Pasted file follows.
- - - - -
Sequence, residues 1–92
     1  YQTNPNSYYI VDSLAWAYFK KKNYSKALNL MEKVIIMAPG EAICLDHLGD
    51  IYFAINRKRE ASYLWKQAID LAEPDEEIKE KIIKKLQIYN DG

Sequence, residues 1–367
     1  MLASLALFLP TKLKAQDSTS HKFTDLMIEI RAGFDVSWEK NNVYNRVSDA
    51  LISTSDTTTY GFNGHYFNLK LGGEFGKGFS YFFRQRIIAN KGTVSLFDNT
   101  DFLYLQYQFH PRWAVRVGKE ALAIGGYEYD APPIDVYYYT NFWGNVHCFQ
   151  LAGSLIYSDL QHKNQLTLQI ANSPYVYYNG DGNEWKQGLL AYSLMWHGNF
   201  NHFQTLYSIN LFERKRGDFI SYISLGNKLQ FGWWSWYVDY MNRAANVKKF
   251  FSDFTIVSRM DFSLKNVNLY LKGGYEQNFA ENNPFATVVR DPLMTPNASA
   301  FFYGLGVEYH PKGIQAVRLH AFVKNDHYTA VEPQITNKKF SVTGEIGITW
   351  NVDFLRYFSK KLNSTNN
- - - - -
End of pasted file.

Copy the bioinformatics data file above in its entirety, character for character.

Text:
Sequence, residues 1–92
     1  YQTNPNSYYI VDSLAWAYFK KKNYSKALNL MEKVIIMAPG EAICLDHLGD
    51  IYFAINRKRE ASYLWKQAID LAEPDEEIKE KIIKKLQIYN DG

Sequence, residues 1–367
     1  MLASLALFLP TKLKAQDSTS HKFTDLMIEI RAGFDVSWEK NNVYNRVSDA
    51  LISTSDTTTY GFNGHYFNLK LGGEFGKGFS YFFRQRIIAN KGTVSLFDNT
   101  DFLYLQYQFH PRWAVRVGKE ALAIGGYEYD APPIDVYYYT NFWGNVHCFQ
   151  LAGSLIYSDL QHKNQLTLQI ANSPYVYYNG DGNEWKQGLL AYSLMWHGNF
   201  NHFQTLYSIN LFERKRGDFI SYISLGNKLQ FGWWSWYVDY MNRAANVKKF
   251  FSDFTIVSRM DFSLKNVNLY LKGGYEQNFA ENNPFATVVR DPLMTPNASA
   301  FFYGLGVEYH PKGIQAVRLH AFVKNDHYTA VEPQITNKKF SVTGEIGITW
   351  NVDFLRYFSK KLNSTNN